Here's why you should be sceptical about Facebook's 'revenge porn' plans

by Amy Binns / 15 November, 2017

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Facebook is trying to tackle revenge porn, but there are a few potential flaws in his plan. Photo / Getty Images

Facebook’s latest attempt to tackle the non-consensual sharing of sexual pictures (often known as “revenge porn”) appeared so wrong-headed that at first it seemed like a joke.

But the social network has made clear its system of asking users to send in explicit images that they don’t want to appear on the site is a real pilot programme being tested in Australia.

Facebook’s motivation is right and proper: to help women (and men) worried that their ex-partners may shame or manipulate them by uploading sexual images taken during the relationship. This unwanted sharing can have devastating consequences. Even the threat that the images could be shared can be used by controlling, violent abusers to force their victims into line, as has been recognised by a new Scottish law to criminalise this.

To prevent people falling victim to this practice, users are urged to use Facebook’s Messenger app to send themselves any pictures at risk of being shared. Facebook will then “hash” the image, creating a numerical fingerprint of it. The picture itself can then be deleted and Facebook has said images will not be stored permanently on their servers. When another Facebook user uploads a picture, it will be run through the database of hashes. If it matches an image in the database, it will be blocked and cannot be posted or shared on Facebook.

Would this work? If a picture uploaded by a vengeful ex is identical to the one uploaded by their frightened victim then yes, it will be blocked. But there is nothing to stop the ex uploading it to another site and linking to it on Facebook, even if it wouldn’t appear on Facebook itself.

But what if the ex realises why they have been blocked, and changes the picture slightly? Hashes work for identical pictures. Alex Stamos, chief security officer for Facebook, said that simple changes like re-sizing should not fool the hash. It’s not clear whether cropping it, adding a filter or scribbling on the background will create a different hash that will fail to match.

What’s he uploading? Shutterstock

And failure isn’t the only problem. What if sharing the images with Facebook actually makes it more likely that they will become public?

The security implications surrounding this are significant. First, just sending an image is a risk. The user is creating a copy of the photo that could be hacked or intercepted, especially if their phone or computer is stolen. Then there is the possibility of human error by the user. It seems likely at least some people will accidentally send the images to someone else in their contact list instead of to themselves.

Finally, there is the enormous issue of how far we can trust Facebook and its staff. This is a small pilot and is likely to be run to tight standards. But further issues will likely appear if it is scaled up. In order to create a hash, the picture has to be seen by a member of Facebook’s staff. Antigone Davis, Facebook’s global head of safety, says the images will only be seen by “a specially trained representative from our community operations team”. Doubtless in the pilot these people will be well vetted.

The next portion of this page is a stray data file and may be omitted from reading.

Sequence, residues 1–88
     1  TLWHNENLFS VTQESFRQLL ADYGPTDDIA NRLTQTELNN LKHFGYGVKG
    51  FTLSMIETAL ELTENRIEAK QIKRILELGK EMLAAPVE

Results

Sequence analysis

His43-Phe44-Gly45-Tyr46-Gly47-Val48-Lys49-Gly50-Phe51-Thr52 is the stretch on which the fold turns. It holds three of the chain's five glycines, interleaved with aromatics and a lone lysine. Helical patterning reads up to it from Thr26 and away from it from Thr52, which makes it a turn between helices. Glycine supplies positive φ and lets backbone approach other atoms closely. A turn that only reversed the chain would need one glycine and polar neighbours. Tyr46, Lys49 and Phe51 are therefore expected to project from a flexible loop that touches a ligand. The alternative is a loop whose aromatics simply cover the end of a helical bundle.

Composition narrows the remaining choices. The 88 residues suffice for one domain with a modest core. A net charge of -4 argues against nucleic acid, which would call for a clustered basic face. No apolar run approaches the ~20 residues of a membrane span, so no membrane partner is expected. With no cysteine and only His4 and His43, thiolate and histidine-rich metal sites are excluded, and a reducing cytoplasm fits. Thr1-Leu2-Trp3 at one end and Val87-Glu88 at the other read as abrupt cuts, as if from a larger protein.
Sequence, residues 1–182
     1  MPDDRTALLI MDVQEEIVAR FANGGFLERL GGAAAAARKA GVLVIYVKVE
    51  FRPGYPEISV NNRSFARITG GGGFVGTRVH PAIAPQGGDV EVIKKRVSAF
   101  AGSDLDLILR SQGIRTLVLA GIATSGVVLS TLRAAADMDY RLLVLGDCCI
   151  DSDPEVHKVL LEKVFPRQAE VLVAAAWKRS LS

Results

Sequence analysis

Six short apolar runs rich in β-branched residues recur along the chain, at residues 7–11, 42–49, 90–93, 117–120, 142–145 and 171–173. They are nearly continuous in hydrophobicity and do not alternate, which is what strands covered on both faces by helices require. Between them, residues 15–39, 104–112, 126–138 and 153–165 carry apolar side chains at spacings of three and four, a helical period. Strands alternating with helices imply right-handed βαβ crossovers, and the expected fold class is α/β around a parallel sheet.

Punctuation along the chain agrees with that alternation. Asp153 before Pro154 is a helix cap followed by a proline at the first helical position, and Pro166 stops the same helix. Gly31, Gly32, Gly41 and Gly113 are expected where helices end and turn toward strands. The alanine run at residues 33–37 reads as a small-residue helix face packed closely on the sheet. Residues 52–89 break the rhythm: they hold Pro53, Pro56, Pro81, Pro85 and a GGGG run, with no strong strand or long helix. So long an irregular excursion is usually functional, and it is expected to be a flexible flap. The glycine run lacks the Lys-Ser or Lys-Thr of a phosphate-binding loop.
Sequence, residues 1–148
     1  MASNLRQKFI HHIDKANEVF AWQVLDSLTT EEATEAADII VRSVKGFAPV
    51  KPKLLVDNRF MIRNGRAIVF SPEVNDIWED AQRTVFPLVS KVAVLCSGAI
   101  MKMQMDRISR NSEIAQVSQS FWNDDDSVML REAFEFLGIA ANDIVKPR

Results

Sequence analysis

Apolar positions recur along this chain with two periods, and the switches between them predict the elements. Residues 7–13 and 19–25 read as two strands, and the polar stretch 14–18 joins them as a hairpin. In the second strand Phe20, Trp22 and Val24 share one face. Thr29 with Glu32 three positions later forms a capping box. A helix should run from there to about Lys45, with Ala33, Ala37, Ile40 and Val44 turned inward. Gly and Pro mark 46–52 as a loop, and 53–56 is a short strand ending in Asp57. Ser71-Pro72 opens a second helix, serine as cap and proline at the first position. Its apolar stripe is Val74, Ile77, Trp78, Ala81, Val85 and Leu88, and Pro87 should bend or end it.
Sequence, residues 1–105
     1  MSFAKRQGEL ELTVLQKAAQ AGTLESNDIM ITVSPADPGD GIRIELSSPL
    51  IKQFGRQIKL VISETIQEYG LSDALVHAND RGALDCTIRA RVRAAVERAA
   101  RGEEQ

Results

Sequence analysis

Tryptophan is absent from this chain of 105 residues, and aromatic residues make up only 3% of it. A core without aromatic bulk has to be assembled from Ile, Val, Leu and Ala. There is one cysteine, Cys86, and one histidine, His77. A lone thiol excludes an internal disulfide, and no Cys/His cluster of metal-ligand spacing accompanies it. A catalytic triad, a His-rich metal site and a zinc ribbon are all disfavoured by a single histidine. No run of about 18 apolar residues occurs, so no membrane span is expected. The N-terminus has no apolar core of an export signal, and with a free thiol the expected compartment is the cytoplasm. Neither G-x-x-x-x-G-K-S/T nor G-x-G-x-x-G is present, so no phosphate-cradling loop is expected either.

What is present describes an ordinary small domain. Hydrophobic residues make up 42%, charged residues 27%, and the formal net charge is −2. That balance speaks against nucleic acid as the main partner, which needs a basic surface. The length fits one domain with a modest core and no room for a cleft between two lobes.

But if this was to be rolled out to Facebook’s billion-strong community of users, this team would have to be enormously expanded. The mind-bending work of ill-paid, ill-trained and replaceable community moderators has been well documented. These people, tempted by the idea of a first-rung on a career at a fashionable company, can be traumatised by the endless viewing of horrific pictures of animal cruelty, car crashes and sexual violence, and often burn out within months.

Can Facebook guarantee that these photos, trustingly uploaded by desperate people trying to break free from damaging relationships, will only be seen by responsible staff? Or will they, over time, be farmed out to subcontractors, trainees and people who are themselves damaged by constant exposure to violence and sex online. However good Facebook’s own security is, there would be little to stop a disgruntled, bored or malicious employee simply taking pictures of their screen with their phone and uploading them to another site.

Then there is the corporation itself. The company has a long history of controversial changes to its terms and conditions, including how they use and retain users’ data, even after people have quit the platform. They have fought court cases brought by revenge porn victims who feel failed by the system, in one case by a British 14-year-old.

This is a well-meaning initiative, but it’s just not clear that we can trust this commercial organisation to make the right decisions about how they hold this most sensitive data. Stamos has complained that the company gets criticised for imperfect solutions. It’s true that partial solutions are better than none, and that pre-emptive solutions are better than clean-ups when the damage is done. But this is a solution that carries its own risk.

Amy Binns, Senior Lecturer, Journalism and Digital Communication, University of Central Lancashire

This article was originally published on The Conversation. Read the original article.

The Conversation

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